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J Am Diet Assoc. 2002 Dec;102(12):1764-72.

Fruit and vegetable assessment: performance of 2 new short instruments and a food frequency questionnaire.

Author information

  • 1National Cancer Institute, Bethesda, MD 20892-7344, USA. Thompsof@mail.nih.gov

Abstract

OBJECTIVE:

To evaluate the ability of 2 new short assessment instruments and a food frequency questionnaire (FFQ) to measure intake of fruit and vegetables. The "All-Day" screener asks frequency and portion size questions about 9 food items. The "By-Meal" screener is similar, except that it asks about 2 of those 9 food items in terms of mealtime.

DESIGN:

Survey participants completed 4 telephone-administered 24-hour dietary recalls over 1 year, a self-administered FFQ 1 to 2 months later, and 1 of 2 self-administered screeners after an additional 7 months.

SUBJECTS/SETTING:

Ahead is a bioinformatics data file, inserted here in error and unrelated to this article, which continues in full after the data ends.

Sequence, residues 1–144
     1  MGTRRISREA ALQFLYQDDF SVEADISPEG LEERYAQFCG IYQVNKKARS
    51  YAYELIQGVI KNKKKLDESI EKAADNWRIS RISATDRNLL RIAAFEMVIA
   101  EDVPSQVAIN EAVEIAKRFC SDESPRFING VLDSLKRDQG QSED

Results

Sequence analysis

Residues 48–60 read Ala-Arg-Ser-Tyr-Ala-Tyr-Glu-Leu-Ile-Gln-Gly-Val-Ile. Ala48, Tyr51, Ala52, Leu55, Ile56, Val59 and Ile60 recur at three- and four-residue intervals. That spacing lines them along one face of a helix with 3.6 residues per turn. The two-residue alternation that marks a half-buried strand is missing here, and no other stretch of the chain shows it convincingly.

Participating were 202 men and 260 women aged 20 to 70 years living throughout the United States.

STATISTICAL ANALYSES:

Fruit and vegetable intakes measured by each screener and the FFQ were compared with true usual intake based on a measurement error model with 24-hour dietary recalls as the reference instrument.

RESULTS:

Estimates of median daily servings of fruit and vegetables were as follows: For men: True intake (5.8) vs All-Day screener (5.0), By-Meal screener (5.5), and FFQ (6.6); for women: true intake (4.2) vs All-Day screener (5.0), By-Meal screener (5.4), and FFQ (6.2). Estimated correlations between the test instruments and true intake were as follows: For men: All-Day screener (0.66), By-Meal screener (0.67), FFQ (0.68); for women: All-Day screener (0.51), By-Meal screener (0.53), and FFQ (0.54).

APPLICATIONS/CONCLUSIONS:

Both screeners might be useful to estimate median intakes of fruit and vegetable servings in US populations, but they might be less useful in accurately ranking individuals. More research is needed before using the screeners in ethnic or low-literacy populations.

PMID:
12487538
[PubMed - indexed for MEDLINE]
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